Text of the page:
The program, enacted by state lawmakers years ago, but never implemented in Detroit until now, guarantees any Detroit high school graduate two years' tuition at five Metro Detroit community colleges.

According to Bowens, the report "does not adequately reflect the realities of today."
morgueFile user kconnors / http://j.mp/1SPGCl0

 

   The state Senate has approved a plan for a financial bailout of the Detroit school system.

The bills not only help pay off a crushing debt burden, they also return control of the district to a locally-elected school board, and give a second, appointed board the power to close low-performing schools – including charter academies.

But the bill package didn’t go far enough to satisfy some Democrats. And the sheer size of the payout - the package is expected to cost more than $715 million - and the control over charters was too much for some Republicans.

flickr user Violet Jiang / http://michrad.io/1LXrdJM

Late last week, the state House passed a stopgap funding bill that gives nearly $50 million to the Detroit Public Schools.

That’s just enough money to see the flailing school district through to the end of this school year.

Governor Snyder’s proposed $715 million fix is still on the table. It would divide the district into two entities: an “Old Co.” that would use millage revenue to pay off the $515 million in debt, and a “New Co.” that would exist solely to educate students.

Sarah Cwiek / Michigan Radio

As the clock ticks down toward possible payless paydays in the Detroit Public Schools, the Detroit Federation of Teachers is trying turn up the pressure on state lawmakers.

DFT leaders are also trying to tamp down on a faction within the union that is pushing for more radical action to force Lansing’s hand.

The district needs state money in the short term to avoid running out of cash early next month. It also needs a longer-term rescue package to help shed crippling debt and reorganize as a new district.

Michigan is one of only a couple of states that don’t already require all lawmakers to be subject to Freedom of Information Act (FOIA) requests.
Matthileo / Flickr - http://j.mp/1SPGCl0

The water crisis in Flint and the financial crisis in Detroit Public Schools appear to be taking a toll on Michigan’s credit outlook.

Standard and Poor’s, one of the three major credit ratings agencies, revised Michigan’s outlook for general obligation debt down a notch, from “positive” to “stable” this week.

The former Carstens Elementary School building, on Detroit's east side, is one of many, many schools that have been shuttered in Detroit.
Sarah Hulett / Michigan Radio

A $50 million emergency spending bill to keep Detroit Public Schools open through the rest of this school year has cleared the state House.

The district’s emergency manager says without an immediate infusion of cash, DPS probably won’t be able to pay teachers and staff after April 8th.

The bill now goes to the state Senate, where Republican Majority Leader Arlan Meekhof says he intends  to hold a vote on this $50 million bill, or a larger DPS bailout, sometime next week.

Out of the 38 under-performing schools that could be closed in Michigan, 25 of them are located in Metro Detroit.
Motown31 / Flickr - http://j.mp/1SPGCl0

An emergency spending bill to keep Detroit Public Schools open through the school year is moving quickly through the state House.

 

A House panel on Wednesday approved using about $50 million in tobacco settlement money to keep the nearly bankrupt district from closing its doors on April 8th.

 

Democratic state Representative Harvey Santana is from Detroit. He says the measure gives lawmakers much-needed time to consider a permanent rescue package for the district.

 

State House committee approves $48.7M for Detroit schools

Mar 16, 2016
Michigan is one of only a couple of states that don’t already require all lawmakers to be subject to Freedom of Information Act (FOIA) requests.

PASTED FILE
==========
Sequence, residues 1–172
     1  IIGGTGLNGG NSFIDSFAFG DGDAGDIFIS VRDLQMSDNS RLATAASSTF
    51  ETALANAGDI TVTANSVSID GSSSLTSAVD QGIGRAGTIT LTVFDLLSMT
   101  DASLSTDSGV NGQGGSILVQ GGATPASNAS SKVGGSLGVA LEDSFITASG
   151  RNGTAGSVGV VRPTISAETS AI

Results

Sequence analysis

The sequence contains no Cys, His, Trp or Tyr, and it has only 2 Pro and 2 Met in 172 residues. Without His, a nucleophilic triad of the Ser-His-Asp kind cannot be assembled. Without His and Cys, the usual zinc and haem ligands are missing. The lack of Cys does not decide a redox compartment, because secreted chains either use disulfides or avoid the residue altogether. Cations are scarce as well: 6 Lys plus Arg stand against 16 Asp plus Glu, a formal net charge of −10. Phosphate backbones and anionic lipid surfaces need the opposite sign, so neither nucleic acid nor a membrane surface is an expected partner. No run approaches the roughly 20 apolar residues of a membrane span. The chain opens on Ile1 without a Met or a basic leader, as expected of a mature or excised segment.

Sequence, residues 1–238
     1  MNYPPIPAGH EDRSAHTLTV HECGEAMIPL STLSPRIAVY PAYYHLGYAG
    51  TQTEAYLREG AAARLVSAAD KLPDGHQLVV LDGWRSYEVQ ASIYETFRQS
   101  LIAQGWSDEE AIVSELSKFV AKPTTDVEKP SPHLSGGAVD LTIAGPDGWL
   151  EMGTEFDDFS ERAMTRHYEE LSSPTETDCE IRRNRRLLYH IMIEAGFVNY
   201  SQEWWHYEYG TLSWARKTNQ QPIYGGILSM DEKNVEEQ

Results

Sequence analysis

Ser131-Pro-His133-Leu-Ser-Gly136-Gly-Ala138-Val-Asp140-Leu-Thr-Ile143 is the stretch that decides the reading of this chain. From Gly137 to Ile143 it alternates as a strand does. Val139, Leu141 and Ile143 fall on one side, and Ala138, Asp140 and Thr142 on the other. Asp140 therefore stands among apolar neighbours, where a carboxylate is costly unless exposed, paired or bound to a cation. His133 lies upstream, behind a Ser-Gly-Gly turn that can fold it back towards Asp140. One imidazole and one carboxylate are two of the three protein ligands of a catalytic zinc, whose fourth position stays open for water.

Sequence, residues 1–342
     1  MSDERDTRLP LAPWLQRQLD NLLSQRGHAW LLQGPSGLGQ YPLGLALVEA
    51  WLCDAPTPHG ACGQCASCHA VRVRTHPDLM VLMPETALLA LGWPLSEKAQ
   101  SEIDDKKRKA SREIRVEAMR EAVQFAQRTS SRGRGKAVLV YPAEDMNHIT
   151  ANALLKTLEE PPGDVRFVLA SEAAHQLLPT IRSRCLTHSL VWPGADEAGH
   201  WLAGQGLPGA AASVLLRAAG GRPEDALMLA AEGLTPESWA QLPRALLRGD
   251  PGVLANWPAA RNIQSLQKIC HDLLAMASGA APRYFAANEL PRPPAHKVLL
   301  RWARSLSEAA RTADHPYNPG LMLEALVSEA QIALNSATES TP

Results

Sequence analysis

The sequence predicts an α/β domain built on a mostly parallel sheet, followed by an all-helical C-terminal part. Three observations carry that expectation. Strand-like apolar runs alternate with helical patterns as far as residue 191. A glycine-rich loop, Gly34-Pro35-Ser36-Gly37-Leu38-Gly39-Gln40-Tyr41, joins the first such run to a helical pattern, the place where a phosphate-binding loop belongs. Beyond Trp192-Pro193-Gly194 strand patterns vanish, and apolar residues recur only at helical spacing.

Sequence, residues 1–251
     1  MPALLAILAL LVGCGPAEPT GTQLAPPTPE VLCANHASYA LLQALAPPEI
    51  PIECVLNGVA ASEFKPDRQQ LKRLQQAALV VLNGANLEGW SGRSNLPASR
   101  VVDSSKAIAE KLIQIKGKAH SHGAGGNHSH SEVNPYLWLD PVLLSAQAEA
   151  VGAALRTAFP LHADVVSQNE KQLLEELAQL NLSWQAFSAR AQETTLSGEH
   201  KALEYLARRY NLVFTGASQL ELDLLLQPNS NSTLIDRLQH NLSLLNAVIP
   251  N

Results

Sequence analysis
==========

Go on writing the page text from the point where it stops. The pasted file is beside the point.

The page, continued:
Matthileo / Flickr - http://j.mp/1SPGCl0

A Michigan House committee has approved $48.7 million in supplemental aid for the Detroit Public Schools after the district's state-appointed manager warned teachers might not be paid after April 8.

The committee approved the bill Wednesday. It now goes to the House floor.

House Appropriations Committee chairman Al Pscholka says the money will come from the state's tobacco settlement fund and not in the form of a loan.

For interim superintendent Alycia Meriweather, allowing DPS to shut down is "unimaginable"
Michigan State University

The Detroit Public Schools have a new interim superintendent appointed by state emergency manager Judge Stephen Rhodes.

Alycia Meriweather is now in charge of academics for DPS. Unlike a lot of previous top administrators, she’s actually from Detroit and a DPS graduate. She’s also a long-time Detroit teacher.

DPS has been closing  schools, ending programs, losing students and losing money, a downward trend that has continued under the string of state-appointed emergency managers.

For teachers in Detroit, Meriweather says it’s been an exercise in creativity.

Jake Neher / MPRN

The state’s largest school district will likely not be able to make payroll after April 8.

That’s what new Detroit Public Schools Emergency Manager Steven Rhodes told state lawmakers at a hearing on Wednesday.

Rhodes says he can’t guarantee employees will get paid after April 8 because the district will likely run out of money during that payroll period.

He’s urging lawmakers to act quickly to pass a bailout.

“I’m deeply concerned about the district running out of money on April 8th. There is no Plan B,” Rhodes told reporters after the hearing.

Michigan State University

The person in charge of charting a new academic course for the Detroit Public Schools is a familiar face in the district.

Former federal judge Steven Rhodes, the district’s emergency manager, has named Alycia Meriweather as the new interim superintendent

Merriweather is a lifelong Detroiter and DPS graduate who “started with the Detroit Public Schools as a four-year-old with Head Start,” Meriweather said during a sometimes-emotional press conference Monday.

Recently I was led through an abandoned building in Detroit.

“The first time we came in here in 2013 it was still relatively intact. The power was off, but pretty much everything else was in decent shape. It wasn’t in great shape, but just a matter of months and this place was completely destroyed,” one of my guides told me.

So, who walked away from a perfectly good building, failed to secure it well enough to keep metal thieves out?

The Detroit Public School District.

DPS emergency manager Steven Rhodes.
John Meiu / Detroit Legal News Publishing LLC

Gov. Snyder has made it official: Judge Steven Rhodes is the Detroit Public Schools’ fifth emergency manager since 2009.

Rhodes is the retired federal judge who managed Detroit’s bankruptcy case.

Skillman Foundation

The next superintendent of the Detroit Public Schools should come from the district’s current ranks, according to a non-profit leader who turned the job down.

Tonya Allen leads the Skillman Foundation, which has been deeply involved in Detroit education reform efforts for years. She had been widely considered a front-runner for a leadership post

Allen said Friday that she was offered the job of DPS interim superintendent, but declined.